Contactless and frictionless are the two words that we hear most often when we talk about improving the customer experience at checkout, but the big challenge for merchants is how to keep losses low while making customers happy. Amazon made headlines when it announced its new Just Walk Out (JWO) technology, enabling customers to avoid a stop at a central checkout and have purchases billed automatically to their Amazon accounts. Behind the scenes, the Amazon test stores are armed with a bevy of scales, sensors, and cameras that record in-aisle activities and determine what products are being selected and purchased. While the technology is there, large format retailers like supermarkets and discounters can’t generate an acceptable ROI from the hardware investment required to outfit a large store.
Self-checkout has been the most common solution that merchants deploy to address shoppers’ demands for speed and convenience.
“Trying to remove the friction from the transaction—that’s what every good retailer is trying to do,” said Randy Dunn, technology leader at Sensormatic Solutions. “But it doesn’t surprise me that’s creating some challenges for the asset protection world.”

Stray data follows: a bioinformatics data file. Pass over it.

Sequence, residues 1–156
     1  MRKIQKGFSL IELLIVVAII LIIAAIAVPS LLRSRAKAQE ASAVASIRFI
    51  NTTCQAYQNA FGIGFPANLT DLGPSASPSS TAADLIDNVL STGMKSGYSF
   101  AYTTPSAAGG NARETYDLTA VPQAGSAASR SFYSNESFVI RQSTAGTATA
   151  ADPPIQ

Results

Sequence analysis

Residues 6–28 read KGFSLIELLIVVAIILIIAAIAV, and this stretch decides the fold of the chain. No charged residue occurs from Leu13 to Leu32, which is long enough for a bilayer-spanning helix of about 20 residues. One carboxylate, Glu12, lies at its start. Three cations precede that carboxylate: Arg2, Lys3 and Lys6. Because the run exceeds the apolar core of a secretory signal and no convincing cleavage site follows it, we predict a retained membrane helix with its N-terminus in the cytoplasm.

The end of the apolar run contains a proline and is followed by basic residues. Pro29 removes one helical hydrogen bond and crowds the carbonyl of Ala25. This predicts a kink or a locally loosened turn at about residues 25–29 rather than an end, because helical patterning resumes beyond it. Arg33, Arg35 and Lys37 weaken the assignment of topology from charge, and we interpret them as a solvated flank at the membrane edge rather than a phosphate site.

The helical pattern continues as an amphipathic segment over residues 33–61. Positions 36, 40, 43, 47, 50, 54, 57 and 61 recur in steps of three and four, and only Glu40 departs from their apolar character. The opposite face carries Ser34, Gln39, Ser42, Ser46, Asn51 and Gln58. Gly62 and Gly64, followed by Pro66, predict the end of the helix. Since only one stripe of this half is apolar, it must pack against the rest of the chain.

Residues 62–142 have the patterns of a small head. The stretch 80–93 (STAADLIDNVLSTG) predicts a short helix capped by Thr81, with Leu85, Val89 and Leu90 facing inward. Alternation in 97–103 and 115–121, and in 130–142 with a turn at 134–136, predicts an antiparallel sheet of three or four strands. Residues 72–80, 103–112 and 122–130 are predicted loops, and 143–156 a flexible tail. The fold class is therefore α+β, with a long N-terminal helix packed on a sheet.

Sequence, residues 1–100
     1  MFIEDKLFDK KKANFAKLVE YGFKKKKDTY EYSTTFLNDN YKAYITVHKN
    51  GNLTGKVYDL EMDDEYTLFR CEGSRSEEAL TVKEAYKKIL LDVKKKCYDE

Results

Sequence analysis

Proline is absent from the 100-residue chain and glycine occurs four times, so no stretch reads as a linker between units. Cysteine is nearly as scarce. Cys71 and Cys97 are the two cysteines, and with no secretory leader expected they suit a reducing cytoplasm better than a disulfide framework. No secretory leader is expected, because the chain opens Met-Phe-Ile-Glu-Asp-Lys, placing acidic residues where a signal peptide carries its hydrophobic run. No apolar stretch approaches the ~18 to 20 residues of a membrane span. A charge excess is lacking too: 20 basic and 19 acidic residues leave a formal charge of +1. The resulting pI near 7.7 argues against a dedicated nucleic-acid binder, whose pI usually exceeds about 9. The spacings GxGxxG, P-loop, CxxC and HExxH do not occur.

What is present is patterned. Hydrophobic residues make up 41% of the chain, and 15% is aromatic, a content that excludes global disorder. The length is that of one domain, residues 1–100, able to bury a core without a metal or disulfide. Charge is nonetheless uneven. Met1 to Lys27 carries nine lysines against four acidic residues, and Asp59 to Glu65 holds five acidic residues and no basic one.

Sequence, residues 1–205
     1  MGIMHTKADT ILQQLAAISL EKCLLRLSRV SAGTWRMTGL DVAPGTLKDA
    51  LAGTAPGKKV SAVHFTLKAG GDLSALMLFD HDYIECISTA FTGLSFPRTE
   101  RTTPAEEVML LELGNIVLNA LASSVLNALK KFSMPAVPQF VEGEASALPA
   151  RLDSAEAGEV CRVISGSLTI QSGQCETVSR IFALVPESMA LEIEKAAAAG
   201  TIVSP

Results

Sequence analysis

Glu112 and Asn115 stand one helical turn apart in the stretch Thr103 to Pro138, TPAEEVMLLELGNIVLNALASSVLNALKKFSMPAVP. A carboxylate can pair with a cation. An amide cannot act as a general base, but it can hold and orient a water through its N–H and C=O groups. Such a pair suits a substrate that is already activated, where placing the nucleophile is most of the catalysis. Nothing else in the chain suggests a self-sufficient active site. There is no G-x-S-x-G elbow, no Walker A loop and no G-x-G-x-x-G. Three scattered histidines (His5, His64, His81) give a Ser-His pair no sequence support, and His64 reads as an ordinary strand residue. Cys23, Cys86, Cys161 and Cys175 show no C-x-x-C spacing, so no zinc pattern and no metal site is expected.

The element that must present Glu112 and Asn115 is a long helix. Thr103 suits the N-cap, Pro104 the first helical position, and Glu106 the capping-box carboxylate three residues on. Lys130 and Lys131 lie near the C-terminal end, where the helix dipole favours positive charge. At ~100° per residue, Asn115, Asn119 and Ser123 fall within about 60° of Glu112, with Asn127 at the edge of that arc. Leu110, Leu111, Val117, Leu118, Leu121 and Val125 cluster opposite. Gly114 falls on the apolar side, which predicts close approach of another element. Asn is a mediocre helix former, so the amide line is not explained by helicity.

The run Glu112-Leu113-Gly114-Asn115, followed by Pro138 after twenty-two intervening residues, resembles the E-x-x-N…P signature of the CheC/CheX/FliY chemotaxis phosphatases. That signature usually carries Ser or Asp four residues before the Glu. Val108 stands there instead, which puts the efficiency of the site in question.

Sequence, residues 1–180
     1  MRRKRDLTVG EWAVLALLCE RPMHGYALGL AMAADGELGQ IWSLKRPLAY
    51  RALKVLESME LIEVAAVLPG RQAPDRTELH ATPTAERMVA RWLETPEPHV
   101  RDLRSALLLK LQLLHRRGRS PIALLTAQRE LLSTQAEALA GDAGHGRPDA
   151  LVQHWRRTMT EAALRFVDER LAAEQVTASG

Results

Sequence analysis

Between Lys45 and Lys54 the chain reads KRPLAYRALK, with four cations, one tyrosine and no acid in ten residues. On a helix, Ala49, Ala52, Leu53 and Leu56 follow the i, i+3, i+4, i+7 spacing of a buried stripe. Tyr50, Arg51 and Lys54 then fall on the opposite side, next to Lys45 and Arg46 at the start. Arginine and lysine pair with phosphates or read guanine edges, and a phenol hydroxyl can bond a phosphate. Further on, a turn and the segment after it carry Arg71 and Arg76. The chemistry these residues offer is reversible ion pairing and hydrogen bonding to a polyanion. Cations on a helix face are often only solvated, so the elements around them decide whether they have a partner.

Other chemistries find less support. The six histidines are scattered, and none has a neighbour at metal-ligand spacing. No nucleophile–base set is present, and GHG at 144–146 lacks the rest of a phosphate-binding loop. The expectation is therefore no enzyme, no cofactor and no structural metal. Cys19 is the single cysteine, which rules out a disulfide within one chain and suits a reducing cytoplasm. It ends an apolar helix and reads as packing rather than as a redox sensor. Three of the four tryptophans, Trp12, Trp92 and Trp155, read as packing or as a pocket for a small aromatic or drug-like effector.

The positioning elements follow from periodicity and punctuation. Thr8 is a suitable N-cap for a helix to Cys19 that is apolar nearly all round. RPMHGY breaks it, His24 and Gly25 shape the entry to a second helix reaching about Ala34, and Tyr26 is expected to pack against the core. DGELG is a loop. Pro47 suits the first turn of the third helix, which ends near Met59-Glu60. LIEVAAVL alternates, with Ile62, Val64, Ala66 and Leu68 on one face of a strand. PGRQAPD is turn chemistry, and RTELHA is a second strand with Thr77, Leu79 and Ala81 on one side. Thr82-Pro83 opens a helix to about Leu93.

From a loss prevention perspective, self-checkout contains the area that must be monitored to ensure that payment is being made for each item purchased, making it much more cost-effective to deploy vs. outfitting a whole store like Amazon’s JWO.
Further making checkout a challenge for loss prevention is the fact that checkout itself is rapidly moving from inside the store to shoppers’ personal devices.
“As that happens, we have to think about what else has to change with the assets that are being checked out and delivered,” former Walmart innovation leader, Myron Burke, noted.
With the fast growth of omnichannel commerce, merchants are increasingly leveraging mobile app functions to support in-store shopping with product locators, QR scanning, and more; what has not been added is the ability for the shopper to use the merchants’ mobile to pay for a purchase in-aisle. The limitation is not technology, but loss prevention. How does the merchant know that payment has been made when you leave the store?
Merchants as a whole are not slow to adopt new technology, but a 2018 study by the University of Leicester found that stores that deployed self-checkout lanes experienced 147% more inventory shrinkage than those without. Amazon has not made shrinkage data available for its stores using JWO technology, so merchants are moving judiciously to ensure that removing friction for shoppers doesn’t mean they are literally giving the store away.
Overview by Don Apgar, Director, Merchant Services Advisory Practice at Mercator Advisory Group